NAIDOC week has always been special and important to me and my family as it’s a time to stop in this busy world we live in and really celebrate being Aboriginal and all the beauty of my people. Now with my gorgeous six year old son Taj, I love to pass on my pride and all our stories. He is literally bursting at the seams with love and pride for his culture and that makes me confident about the future of our people.

How can people celebrate NAIDOC week with kids?

There are lots of fun things you can do with kids to celebrate NAIDOC week: read a dreamtime story, create your own Aboriginal Art, visit a local Indigenous sites, find out about traditional owners of your local area or listen to some Indigenous music.

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A fun thing my son and I do every year is the free Collingwood Children’s Farm NAIDOC week celebration. It’s on Thursday 11th July and goes for the whole day: there’s boomerang making, traditional dancers and stories and damper making around the fire.

photoThese posters were used to advertise National Aborigines Week in 1982. Can you tell us about them?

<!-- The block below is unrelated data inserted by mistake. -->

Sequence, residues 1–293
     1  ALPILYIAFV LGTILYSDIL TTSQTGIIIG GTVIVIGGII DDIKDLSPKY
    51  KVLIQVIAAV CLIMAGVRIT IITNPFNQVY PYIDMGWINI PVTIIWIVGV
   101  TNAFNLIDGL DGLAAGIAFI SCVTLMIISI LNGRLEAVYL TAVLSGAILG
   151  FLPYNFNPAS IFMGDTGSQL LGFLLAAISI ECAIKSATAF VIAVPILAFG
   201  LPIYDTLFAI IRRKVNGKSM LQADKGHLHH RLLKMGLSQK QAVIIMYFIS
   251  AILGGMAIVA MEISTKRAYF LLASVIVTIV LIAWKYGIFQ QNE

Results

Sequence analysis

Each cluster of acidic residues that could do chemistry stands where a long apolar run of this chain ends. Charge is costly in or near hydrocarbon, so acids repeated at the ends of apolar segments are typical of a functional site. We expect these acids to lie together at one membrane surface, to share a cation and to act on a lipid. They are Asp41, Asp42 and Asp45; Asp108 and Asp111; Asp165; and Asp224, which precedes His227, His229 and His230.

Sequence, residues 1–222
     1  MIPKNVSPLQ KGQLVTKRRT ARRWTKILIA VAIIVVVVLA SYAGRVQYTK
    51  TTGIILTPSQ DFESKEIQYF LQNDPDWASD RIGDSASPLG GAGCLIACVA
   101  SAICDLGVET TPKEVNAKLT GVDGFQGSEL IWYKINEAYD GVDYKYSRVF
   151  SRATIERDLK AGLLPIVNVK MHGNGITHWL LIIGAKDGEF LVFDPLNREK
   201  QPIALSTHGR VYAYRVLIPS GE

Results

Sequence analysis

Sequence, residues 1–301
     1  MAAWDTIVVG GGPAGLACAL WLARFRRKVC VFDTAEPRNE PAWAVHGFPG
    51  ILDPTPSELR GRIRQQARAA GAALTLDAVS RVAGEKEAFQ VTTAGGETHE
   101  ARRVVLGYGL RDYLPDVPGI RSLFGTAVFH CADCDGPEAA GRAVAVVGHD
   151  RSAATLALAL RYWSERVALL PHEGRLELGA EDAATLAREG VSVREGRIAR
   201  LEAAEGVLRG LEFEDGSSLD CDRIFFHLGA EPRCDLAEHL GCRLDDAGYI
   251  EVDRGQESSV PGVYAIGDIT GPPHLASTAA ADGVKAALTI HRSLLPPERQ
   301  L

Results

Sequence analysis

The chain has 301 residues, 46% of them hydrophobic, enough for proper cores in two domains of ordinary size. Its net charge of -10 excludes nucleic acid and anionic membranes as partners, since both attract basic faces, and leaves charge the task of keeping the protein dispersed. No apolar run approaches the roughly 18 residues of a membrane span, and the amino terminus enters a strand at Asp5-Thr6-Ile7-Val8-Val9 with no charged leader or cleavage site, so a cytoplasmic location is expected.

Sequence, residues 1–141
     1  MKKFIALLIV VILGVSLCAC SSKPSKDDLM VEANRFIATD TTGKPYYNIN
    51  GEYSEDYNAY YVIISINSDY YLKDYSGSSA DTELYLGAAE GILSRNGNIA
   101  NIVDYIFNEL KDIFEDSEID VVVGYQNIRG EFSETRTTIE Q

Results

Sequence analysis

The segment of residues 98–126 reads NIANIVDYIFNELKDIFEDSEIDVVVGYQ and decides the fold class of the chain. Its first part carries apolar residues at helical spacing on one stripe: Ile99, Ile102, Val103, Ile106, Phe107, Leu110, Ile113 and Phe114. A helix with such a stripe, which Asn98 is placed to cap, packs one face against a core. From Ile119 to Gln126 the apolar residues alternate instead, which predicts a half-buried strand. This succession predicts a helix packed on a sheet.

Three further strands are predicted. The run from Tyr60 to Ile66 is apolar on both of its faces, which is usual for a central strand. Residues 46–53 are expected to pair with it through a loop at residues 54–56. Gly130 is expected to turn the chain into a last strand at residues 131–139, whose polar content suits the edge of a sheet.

photophotoMy father Bob Ware (deceased) was a very prominent leader and well respected Wirangu Elder. He was a professional runner who at one stage was the fastest man in Australia. My dad was asked to be on the poster and so were my brother Aaron and I the following year.

My dad was instrumental in many Aboriginal land rights issues. He was hands on, going to Parliament and changing laws, visiting the Queen to ask her personally to clean up Maralinga, photographing and documenting our stories.

My dad was also the first Aboriginal police officer; actually the list of ‘firsts’ he achieved is long. He was a quiet achiever, only spoke when words needed to be said. He never raised his voice but he was heard.

When he passed away, people of all walks of life, from the Premier of South Australia, to the secretary he taught to read and write on the job, spoke at his service to say how happy and thankful they were to know him.